I currently own what I think was the FHE repackaging that maybe came out in '88-89. The package has a red bar underneath the movie poster with all the movie credits. This red bar wraps all around the bottom of the tape box. Can you confirm this? I can't remember what the intial package looked like.

As for the expanded soundtrack, well, I downloaded that off Napster last year. Normally, with something like this I'd go out to the store and buy it. However, since this was a Botcon-only product, and that I live in Canada and have no plans to visit Botcon, I figured this was much more convenient. Posted Image Now there's Audiognome and a bunch of other Napster clones where you can still get the soundtrack. The music is excellent, and since it's isolated, sounds incredible in some spots. For example, when Galvatron steps on the coronation crown after he kills Starscream, the cue comes through very strong and menacing. You just don't get to hear it all in the FHE version, although the Rhino DVD version is better as it was supposedly remastered using this soundtrack.

#15 of 20 OFFLINE   Damin J Toell

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Posted September 28 2001 - 04:23 PM

Quote:
Whether Boogie Nights is an official historical document is not the issue, I'm still curious about the history of this song.

so why does Boogie Nights cause you to doubt the history of the song? why does it factor in at all? Boogie Nights was made many years later and does not attempt to accurately portray history, so why would it cause any doubt? i don't understand.

you said:
Quote:
The fact that it was sung in the early 80s in Boogie Nights suggests that the song wasn't written by Stan Bush

huh? why would the "The Touch" appearing in Boogie Nights suggest anything about the song's actual history?

DJ

#16 of 20 OFFLINE   Ryan Patterson

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Posted September 28 2001 - 05:05 PM

quote:
Boogie Nights was made many years later and does not attempt to accurately portray history, so why would it cause any doubt?[/quote]
Boogie Nights takes place in the late 70's and early 80's, and if you've watched the movie you'll notice that they have attempted to portray that part of history fairly well. For example, the whole issue of porn video killing the adult theatres was very accurate. There is enough history accurately being followed here for me to question the origin of "The Touch".

quote:
huh? why would the "The Touch" appearing in Boogie Nights suggest anything about the song's actual history?[/quote]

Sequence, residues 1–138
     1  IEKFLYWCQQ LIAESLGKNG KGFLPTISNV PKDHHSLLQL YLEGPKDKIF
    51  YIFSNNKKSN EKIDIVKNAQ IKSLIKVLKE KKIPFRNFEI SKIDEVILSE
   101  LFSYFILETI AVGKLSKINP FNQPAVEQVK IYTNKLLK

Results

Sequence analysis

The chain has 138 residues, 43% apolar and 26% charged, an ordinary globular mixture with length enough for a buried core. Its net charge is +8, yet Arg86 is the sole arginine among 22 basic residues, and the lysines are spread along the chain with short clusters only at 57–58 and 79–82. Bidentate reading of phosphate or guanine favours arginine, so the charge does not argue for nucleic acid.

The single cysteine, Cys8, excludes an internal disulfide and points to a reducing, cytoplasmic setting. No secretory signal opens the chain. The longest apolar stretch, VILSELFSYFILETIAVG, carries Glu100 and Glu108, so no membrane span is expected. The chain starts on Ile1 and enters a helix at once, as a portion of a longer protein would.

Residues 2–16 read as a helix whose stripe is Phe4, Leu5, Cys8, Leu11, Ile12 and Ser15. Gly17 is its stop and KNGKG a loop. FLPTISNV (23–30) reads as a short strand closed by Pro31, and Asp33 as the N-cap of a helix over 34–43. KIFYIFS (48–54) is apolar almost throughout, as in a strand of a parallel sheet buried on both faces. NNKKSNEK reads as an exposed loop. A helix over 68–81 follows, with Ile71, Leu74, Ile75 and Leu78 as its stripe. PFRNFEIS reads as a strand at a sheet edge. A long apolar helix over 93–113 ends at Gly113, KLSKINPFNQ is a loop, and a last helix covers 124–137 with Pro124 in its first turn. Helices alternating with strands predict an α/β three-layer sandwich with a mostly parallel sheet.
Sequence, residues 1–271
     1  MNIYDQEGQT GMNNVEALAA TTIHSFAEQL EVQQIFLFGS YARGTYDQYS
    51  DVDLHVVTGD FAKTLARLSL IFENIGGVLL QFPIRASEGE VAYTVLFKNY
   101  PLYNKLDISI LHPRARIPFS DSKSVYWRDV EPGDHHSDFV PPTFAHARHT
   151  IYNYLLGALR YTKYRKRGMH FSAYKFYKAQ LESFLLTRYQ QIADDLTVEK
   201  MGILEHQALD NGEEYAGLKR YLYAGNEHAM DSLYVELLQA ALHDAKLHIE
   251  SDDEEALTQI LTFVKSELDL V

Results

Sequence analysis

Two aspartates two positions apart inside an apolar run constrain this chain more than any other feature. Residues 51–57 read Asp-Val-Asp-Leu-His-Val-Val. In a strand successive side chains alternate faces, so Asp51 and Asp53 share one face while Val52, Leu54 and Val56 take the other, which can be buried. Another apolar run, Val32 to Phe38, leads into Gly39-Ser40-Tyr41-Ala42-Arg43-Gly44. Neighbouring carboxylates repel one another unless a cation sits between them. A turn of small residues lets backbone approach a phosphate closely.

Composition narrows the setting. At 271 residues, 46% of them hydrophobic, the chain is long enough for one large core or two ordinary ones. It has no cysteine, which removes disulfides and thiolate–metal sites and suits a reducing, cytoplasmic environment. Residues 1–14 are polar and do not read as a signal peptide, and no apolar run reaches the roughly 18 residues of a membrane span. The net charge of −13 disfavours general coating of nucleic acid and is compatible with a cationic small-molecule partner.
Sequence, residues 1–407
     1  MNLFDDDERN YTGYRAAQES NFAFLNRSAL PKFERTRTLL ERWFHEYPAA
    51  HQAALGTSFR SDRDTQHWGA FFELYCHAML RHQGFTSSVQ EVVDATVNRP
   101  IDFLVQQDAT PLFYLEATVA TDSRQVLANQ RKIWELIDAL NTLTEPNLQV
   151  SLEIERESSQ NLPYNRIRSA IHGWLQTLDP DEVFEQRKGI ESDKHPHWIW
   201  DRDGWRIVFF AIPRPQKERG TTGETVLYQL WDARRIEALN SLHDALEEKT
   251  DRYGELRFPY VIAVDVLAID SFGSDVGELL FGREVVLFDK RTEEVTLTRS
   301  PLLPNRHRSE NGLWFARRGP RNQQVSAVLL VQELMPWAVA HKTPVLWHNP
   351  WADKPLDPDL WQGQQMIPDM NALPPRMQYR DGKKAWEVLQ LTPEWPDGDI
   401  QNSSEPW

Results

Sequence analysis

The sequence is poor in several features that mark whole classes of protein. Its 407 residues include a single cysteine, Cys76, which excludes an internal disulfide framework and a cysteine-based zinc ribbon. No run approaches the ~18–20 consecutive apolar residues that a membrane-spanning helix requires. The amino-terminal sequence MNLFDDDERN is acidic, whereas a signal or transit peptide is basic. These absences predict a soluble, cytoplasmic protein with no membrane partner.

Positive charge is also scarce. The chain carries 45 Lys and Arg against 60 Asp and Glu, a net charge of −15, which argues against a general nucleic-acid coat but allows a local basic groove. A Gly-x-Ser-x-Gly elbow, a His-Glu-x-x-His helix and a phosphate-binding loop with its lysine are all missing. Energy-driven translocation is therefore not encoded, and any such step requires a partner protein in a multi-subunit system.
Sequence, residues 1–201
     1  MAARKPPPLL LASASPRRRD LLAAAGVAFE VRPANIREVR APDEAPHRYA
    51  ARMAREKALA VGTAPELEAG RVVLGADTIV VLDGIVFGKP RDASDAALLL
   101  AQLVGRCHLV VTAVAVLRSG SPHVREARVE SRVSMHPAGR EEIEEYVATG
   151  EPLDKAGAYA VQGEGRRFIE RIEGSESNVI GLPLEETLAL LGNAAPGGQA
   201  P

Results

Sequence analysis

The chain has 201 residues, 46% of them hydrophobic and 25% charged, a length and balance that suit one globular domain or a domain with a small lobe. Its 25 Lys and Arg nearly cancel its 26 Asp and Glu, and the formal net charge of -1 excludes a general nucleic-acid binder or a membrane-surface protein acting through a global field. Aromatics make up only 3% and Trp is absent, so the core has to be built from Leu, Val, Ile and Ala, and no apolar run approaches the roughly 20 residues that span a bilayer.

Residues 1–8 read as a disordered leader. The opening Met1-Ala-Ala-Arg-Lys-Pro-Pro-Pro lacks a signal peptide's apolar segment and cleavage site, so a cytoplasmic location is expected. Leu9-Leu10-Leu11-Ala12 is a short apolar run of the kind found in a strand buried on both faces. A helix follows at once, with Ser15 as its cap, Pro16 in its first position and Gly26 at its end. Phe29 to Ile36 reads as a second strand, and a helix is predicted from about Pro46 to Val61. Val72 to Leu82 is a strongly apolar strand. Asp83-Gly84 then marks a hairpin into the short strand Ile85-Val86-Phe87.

Geez, why are you on my case all of a sudden? Can't we all just get along? Posted Image The truth is I don't know the song's history and I'm curious to find out. Anyway, if my response above doesn't clear things up, maybe I should be asking you why you think Boogie Nights was that bad in portraying the 70's and 80's?

If you have any official information as to when The Touch was written, then by all means, let me know. Looking on the web, I see he wrote the song, so I'm not trying to nail Stan Bush to the wall. I wouldn't nail him for not writing the song either, that's not the point. I just want to know if Stan maybe wrote the song in 1979 or something for his Barrage band, but then dropped it temporarily for some reason. (Much like Bon Jovi's "Diamond Ring").

Boogie Nights may not be a "historical document", but it presents enough validility for me to question the song's origins. I hope I cleared this up enough for you.

Regards,
Ryan

[Edited last by Ryan Patterson on September 29, 2001 at 12:38 AM]

#17 of 20 OFFLINE   David Lambert

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Posted September 28 2001 - 11:36 PM

Quote:
David,

Wow, I didn't realize the initial FHE release of TF: The Movie was priced for rent. I still remember when it first came out... I had the date marked in my high school daytimer! Can't remember the exact date though... it was in February 1987, right?

I currently own what I think was the FHE repackaging that maybe came out in '88-89. The package has a red bar underneath the movie poster with all the movie credits. This red bar wraps all around the bottom of the tape box. Can you confirm this? I can't remember what the intial package looked like.


The IMDB says that the movie was released in theatres on 8 August 1986. I certainly don't recall when the first (FHE) VHS was released, but 6 months later (Feb '87) makes sense. I'm not sure what you're saying was maybe released in '88-89, but if you mean the VHS then it definately wasn't that late. By early 1998 I was on my way from moving from Houston to Memphis by way of the company I worked for, and I definately bought that tape it a long time before I left Houston.